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If you’re not looking you might walk right past it. Located in an old metalwork building in SoHo, Nike+ 45 Grand has storefront windows, but a clever curved wall with a fan of vertical panels lets light into the interior and only partial views out. The two-floor space was designed by Rafael de Cárdenas and artistic director Jen Brill, accommodating an invite-only workout studio, lounge, and training club. It is elegantly designed, with details like hexagonal modular seating and a blush pink wraparound banquet subtly inspired by Nike motifs. Whitewall spoke with de Cardenas and Brill about designing 45 Grand—and what went into creating one of the best workout environments we’ve ever experienced.
WHITEWALL: What was the brief for you for 45 Grand from Nike? The concept is fairly unique: a showroom that’s also an invite-only workout space.
RAFAEL DE CÁRDENAS: With Nike+ 45 Grand, we focused on scripting the individualized Nike+ experience and making it immersive and dynamic for athletes. The space is designed to be versatile enough to host Nike+ running and training club sessions, showcase upcoming collections and innovations, hold bespoke fitting and training appointments, and incubate potential new Nike services.
JEN BRILL: The brief proposed creating the most pinnacle Nike+ studio meant for athletes, influencers, and media alike: a place where you can experience the best of Nike’s upcoming collections, design, and innovation through the lens of Nike+ services.
WW: Rafael, you said in a previous interview that you wanted to approach femininity in a tougher way. For both of you, how did you explore that across the two floors?
RDC: The Nike woman is tough! I think the space has a certain sultriness through the indirect lighting throughout and the carefully deployed mirrors that speaks to aesthetics that feel a bit more specialized than a gym. In short, the space privileges the technical aspects of a training space but through the customization of the design—all specifically made for the space—we reflect the specialized nature of Nike+ services. The upstairs lounge was meant to serve as a post-workout cool-down lounge that’s feminine, but not sweet.
WW: Had either of you designed a space before that would be used for working out?
RDC: Not to this degree. I hope I’m able to more and more, though.
JB: No, this is the first time working on a women’s studio. I’ve certainly fantasized about turning off the fluorescent lights in a gym and changing the color palette, mats, and equipment.
WW: What were some new considerations, given the function of the space?
JB: Adaptability, versatility, and futureproofing were all taken into consideration when designing Nike+ 45 Grand. We knew that the studio was going to be used for many different reasons, and we needed to create a modular space to work for all of the services taking place in the space.
WW: Were there any Nike motifs that influenced the space—like the use of hexagons and the upstairs lounge that may be reminiscent of the Lunar sole?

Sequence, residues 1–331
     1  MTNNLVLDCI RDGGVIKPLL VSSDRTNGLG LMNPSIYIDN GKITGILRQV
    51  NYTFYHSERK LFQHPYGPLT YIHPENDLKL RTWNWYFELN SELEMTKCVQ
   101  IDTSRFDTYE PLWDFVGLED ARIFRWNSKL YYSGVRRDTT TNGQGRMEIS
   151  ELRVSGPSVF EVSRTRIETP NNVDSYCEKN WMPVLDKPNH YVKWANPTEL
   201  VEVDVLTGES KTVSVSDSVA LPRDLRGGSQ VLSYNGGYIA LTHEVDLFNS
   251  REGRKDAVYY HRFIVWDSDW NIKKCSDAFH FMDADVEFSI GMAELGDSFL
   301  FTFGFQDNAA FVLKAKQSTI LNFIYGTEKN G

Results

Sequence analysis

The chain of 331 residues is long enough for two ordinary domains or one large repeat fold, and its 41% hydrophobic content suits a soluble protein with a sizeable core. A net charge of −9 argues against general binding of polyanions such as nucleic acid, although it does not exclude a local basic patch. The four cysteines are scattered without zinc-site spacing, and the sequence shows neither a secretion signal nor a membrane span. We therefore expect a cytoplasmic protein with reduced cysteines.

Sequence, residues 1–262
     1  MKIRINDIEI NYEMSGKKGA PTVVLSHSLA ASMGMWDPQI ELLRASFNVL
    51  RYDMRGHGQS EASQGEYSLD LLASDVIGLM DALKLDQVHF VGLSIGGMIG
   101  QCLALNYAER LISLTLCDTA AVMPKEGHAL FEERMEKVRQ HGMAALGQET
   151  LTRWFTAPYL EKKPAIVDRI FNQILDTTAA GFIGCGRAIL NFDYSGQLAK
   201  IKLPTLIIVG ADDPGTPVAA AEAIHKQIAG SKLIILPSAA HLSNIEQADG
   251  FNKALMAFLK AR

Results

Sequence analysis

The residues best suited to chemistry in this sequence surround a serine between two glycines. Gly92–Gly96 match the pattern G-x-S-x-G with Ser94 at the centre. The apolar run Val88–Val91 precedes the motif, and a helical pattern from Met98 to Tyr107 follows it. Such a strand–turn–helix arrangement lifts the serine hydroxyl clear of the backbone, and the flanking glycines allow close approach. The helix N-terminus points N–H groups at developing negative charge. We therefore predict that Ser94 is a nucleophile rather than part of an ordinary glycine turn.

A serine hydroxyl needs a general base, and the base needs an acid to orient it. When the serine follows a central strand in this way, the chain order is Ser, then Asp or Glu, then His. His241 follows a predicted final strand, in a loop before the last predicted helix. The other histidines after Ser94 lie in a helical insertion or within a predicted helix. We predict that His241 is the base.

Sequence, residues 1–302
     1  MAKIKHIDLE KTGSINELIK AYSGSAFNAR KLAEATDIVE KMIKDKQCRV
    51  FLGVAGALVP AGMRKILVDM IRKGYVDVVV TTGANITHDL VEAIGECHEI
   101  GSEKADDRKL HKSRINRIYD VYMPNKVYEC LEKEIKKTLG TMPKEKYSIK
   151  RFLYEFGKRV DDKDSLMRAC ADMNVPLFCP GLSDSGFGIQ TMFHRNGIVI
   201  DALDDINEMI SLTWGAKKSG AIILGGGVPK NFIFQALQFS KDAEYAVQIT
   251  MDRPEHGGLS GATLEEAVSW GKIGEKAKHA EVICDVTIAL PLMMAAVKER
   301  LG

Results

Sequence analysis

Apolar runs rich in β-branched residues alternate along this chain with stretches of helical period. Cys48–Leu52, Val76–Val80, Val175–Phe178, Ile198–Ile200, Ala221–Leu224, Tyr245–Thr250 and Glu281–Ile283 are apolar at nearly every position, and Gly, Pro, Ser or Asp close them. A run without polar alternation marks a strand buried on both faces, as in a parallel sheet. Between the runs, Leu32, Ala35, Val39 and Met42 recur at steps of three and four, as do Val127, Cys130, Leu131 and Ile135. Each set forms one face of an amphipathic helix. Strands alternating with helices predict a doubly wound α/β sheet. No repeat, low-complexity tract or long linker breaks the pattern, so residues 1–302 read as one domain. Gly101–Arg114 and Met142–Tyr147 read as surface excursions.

JB: Nike+ 45 Grand includes nods to Nike motifs throughout. There are a number of hexagons in the space, which were taken from the bottom of the Nike Free and Nike Zoom. The benches downstairs in the front area and locker room are appreciative nods to Nike Air Max. The seating in the upstairs lounge was influenced by the sole of the Nike Lunarlon. It was pretty amazing to see that plushy look blown up into couch size. We are endlessly inspired by the design and innovation that Nike has truly mastered and tried to incorporate as many of these elements as possible.
WW: Natural light seemed to be embraced in interesting ways on both floors—the skylight upstairs and the obscured front window, street-level windows.
RDC: We wanted to privilege natural light, but in the very specific way that we experience it in New York and similar urban environments. There’s always a challenge in maintaining privacy while enhancing a connection to natural light (which can be fleeting in urban environments). The translucent “chapel” at the front does a good job of letting light in while keeping the training experience private. I think it also works nicely as a seductive tool—from the outside members arriving are certainly excited to see what’s inside.
JB: When we saw the space for the first time, we fell in love with all of that gorgeous light that pours onto the floors through the garage doors. The space has so much natural charm, and we wanted to celebrate its most beautiful attributes. The gait analysis upstairs is under a skylight. How often are you on a treadmill in New York under the warmth of the sun?
WW: How did you want to incorporate Nike women’s history and current/future collections?
RDC: The storytelling areas throughout Nike+ 45 Grand were designed to highlight both digital and physical content. For the opening of the space, we were lucky enough to be given access to the Nike DNA archive and curated a storyline that celebrated 40 years of women’s sport through the archived product worn by so many of their athletes.
JB: We were in complete awe of the Nike Sports Bra that soccer legend Brandi Chastain wore when she took off her jersey in 1999 at the World Cup and Serena William’s denim skirt from the 2004 U.S. Open. There are countless iconic moments in women’s sport that Nike has been a part of, and it was really special to help tell that story in the space.
WW: Have either of you worked out in the space?
RDC: Quite regularly, in fact. Oftentimes together.
JB: Yes, of course. Without question it’s my most favorite place to work out in on earth.